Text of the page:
Legislative Council Plans New Process for Considering Income Tax Reform

Tuesday, April 24, 2012 at 11:55 PM by

The Legislative Council co-chairs began circulating a ballot today for members of the Council to vote on the special committees that will be formed this summer. The vote is typically just a formality to ratify a list of study committees that has been developed after a couple of months of discussions among legislative leaders.

The list being circulated among the Council members now is surprising in a couple of respects. First, it includes only 6 new special committees – a much smaller number than usual – plus the continuation of one existing committee.  In 2010, during the previous interim period between biennial sessions, the Legislative Council established about 15 new study committees. My first reaction to the slim ballot was that it might reflect that some legislators expect to be very busy during the recall elections; however, those will be completed before the study committee process gets going. Perhaps this ballot is just the first batch of committees, and a second ballot will follow?   (I haven’t had a chance to talk with any legislative staff yet to see if they can provide an explanation.)

The other unusual aspect of the ballot is that it proposes the creation of a new sort of entity – a “steering committee” that is charged with developing “a symposia series on state income tax reform information.”  That committee will be chaired by Representative Robin Vos (R. Burlington) and the vice-chair will be Representative Dale Kooyenga (R. Brookfield).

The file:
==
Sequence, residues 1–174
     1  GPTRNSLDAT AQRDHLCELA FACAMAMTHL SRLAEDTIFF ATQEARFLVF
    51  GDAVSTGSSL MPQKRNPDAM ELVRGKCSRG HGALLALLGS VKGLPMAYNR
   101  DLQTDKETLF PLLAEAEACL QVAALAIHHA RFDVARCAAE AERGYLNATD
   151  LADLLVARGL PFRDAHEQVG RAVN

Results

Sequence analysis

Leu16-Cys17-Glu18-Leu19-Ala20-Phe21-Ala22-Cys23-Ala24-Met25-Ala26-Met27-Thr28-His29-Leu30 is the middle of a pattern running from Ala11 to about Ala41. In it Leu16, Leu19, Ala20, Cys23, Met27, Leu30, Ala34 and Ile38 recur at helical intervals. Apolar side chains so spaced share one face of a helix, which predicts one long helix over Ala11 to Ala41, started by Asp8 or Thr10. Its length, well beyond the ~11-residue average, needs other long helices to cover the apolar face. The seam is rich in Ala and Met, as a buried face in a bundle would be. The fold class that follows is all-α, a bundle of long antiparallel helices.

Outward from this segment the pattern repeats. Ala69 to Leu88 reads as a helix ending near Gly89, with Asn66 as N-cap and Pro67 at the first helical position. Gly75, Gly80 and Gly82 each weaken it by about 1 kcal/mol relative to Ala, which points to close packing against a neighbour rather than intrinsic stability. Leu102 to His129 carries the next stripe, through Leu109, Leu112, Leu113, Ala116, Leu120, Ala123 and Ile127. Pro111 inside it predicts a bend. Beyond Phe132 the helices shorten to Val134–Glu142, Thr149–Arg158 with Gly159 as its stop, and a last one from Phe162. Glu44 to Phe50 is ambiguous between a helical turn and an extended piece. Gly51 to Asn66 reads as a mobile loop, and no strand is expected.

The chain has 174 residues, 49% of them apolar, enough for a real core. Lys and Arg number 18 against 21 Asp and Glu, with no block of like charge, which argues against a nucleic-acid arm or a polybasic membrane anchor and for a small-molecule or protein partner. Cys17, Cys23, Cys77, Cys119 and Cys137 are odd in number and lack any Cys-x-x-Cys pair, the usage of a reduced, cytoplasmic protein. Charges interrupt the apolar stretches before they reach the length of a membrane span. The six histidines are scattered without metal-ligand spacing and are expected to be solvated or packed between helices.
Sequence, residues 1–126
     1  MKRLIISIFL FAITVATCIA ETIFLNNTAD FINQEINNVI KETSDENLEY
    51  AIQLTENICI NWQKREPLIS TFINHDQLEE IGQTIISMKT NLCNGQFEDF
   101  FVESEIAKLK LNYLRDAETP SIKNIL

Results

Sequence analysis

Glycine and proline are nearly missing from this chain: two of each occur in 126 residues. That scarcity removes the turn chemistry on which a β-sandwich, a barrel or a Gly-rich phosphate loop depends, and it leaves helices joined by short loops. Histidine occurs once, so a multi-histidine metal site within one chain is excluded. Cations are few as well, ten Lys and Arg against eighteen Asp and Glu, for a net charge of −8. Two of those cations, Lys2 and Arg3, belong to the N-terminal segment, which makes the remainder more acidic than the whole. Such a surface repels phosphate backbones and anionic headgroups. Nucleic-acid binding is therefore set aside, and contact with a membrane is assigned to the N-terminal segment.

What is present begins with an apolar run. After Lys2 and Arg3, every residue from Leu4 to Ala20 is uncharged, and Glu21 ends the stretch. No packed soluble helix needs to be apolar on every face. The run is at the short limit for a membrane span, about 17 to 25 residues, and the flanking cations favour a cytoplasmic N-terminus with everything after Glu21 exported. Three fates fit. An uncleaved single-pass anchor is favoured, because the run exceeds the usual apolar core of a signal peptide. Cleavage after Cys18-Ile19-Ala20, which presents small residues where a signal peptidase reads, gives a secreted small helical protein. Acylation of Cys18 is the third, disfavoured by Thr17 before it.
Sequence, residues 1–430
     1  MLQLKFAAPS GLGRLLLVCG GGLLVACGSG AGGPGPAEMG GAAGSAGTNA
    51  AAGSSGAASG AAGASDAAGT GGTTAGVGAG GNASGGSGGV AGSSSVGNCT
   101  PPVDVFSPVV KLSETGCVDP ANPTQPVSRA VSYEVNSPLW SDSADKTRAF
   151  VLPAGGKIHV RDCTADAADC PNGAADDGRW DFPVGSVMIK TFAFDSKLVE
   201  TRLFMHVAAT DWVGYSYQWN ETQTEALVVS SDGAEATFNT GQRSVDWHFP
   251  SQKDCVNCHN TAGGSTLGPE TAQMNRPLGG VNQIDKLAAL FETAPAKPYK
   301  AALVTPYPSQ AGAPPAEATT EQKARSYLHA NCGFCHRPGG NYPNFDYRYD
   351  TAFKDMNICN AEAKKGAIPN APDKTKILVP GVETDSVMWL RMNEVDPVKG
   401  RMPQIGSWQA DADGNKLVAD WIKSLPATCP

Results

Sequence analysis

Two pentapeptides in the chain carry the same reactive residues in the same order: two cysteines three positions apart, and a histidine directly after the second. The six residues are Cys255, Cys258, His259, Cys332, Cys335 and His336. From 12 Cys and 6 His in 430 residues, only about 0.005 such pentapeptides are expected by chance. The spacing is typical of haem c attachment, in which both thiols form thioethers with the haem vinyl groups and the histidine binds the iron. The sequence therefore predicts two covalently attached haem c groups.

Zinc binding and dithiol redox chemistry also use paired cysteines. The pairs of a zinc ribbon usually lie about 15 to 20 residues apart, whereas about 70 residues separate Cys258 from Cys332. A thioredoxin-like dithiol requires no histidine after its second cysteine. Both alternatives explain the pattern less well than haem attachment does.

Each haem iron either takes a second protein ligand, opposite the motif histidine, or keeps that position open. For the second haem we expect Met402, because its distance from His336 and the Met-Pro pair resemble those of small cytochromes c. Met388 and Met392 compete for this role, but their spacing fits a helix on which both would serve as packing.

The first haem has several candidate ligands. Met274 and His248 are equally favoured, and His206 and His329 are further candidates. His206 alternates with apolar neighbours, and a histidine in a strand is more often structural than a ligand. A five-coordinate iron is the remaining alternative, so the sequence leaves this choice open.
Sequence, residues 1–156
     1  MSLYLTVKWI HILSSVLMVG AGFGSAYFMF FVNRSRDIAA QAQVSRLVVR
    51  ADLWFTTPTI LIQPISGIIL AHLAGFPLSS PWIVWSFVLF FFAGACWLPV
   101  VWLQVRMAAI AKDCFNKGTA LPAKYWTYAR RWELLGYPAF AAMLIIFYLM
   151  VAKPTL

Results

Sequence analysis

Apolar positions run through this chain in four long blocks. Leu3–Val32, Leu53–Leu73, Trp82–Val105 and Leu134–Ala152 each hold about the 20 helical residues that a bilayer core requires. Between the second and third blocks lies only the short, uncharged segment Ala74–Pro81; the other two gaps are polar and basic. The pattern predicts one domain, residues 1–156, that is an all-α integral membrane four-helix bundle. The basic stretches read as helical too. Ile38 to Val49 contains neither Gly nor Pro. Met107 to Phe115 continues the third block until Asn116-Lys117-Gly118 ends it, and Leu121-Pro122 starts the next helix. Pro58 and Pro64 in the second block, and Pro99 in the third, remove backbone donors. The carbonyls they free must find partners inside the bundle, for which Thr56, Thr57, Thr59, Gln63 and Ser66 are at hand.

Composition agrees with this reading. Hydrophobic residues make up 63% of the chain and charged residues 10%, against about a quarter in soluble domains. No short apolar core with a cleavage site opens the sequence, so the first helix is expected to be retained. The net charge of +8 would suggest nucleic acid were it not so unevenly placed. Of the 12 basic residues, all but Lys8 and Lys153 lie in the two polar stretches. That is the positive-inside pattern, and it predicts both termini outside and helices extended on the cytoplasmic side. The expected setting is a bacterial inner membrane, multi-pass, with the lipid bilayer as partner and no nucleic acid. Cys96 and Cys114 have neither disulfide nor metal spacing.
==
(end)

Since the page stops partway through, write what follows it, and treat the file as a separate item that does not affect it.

The ballot goes on to provide some guidance on the role of this new sort of committee:

“The steering committee is directed to: conduct information symposia and develop recommendations regarding Wisconsin’s income tax code. The committee shall: review Wisconsin’s current income tax code, the income tax codes of other states, and previously proposed methods for state tax code reform; consider the social and economic effects of tax code reforms as applied to individual and corporate taxpayers as well as the fiscal effects on state revenues; and develop recommendations, in the form of a committee report, for income tax reform that would improve economic growth for residents and businesses in the State of Wisconsin.”

It isn’t clear to me why those functions couldn’t or shouldn’t be performed by a normal Legislative Council study committee. One possibility is that the distinction will have something to do with the composition of the committee (which isn’t spelled out yet). Perhaps a more important difference is that it sounds like the focus of the committee could be more on outreach and information dissemination, whereas the normal study committee is focused on information gathering.

We’ll watch the development of the committee and the process it uses with great interest.

Jon Peacock

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